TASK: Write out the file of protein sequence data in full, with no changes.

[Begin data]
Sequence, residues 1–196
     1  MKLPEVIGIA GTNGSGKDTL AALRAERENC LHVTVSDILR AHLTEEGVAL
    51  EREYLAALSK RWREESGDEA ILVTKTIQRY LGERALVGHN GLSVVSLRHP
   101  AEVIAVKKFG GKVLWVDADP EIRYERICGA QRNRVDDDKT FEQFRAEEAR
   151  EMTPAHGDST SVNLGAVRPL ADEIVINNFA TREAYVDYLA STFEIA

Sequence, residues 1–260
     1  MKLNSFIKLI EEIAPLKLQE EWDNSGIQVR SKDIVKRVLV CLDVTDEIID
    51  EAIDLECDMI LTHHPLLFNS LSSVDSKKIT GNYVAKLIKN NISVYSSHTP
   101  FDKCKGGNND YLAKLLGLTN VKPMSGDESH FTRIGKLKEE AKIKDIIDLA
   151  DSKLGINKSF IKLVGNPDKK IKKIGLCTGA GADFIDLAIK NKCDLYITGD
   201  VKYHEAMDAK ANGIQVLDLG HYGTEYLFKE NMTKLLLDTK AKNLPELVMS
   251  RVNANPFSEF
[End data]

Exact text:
Sequence, residues 1–196
     1  MKLPEVIGIA GTNGSGKDTL AALRAERENC LHVTVSDILR AHLTEEGVAL
    51  EREYLAALSK RWREESGDEA ILVTKTIQRY LGERALVGHN GLSVVSLRHP
   101  AEVIAVKKFG GKVLWVDADP EIRYERICGA QRNRVDDDKT FEQFRAEEAR
   151  EMTPAHGDST SVNLGAVRPL ADEIVINNFA TREAYVDYLA STFEIA

Sequence, residues 1–260
     1  MKLNSFIKLI EEIAPLKLQE EWDNSGIQVR SKDIVKRVLV CLDVTDEIID
    51  EAIDLECDMI LTHHPLLFNS LSSVDSKKIT GNYVAKLIKN NISVYSSHTP
   101  FDKCKGGNND YLAKLLGLTN VKPMSGDESH FTRIGKLKEE AKIKDIIDLA
   151  DSKLGINKSF IKLVGNPDKK IKKIGLCTGA GADFIDLAIK NKCDLYITGD
   201  VKYHEAMDAK ANGIQVLDLG HYGTEYLFKE NMTKLLLDTK AKNLPELVMS
   251  RVNANPFSEF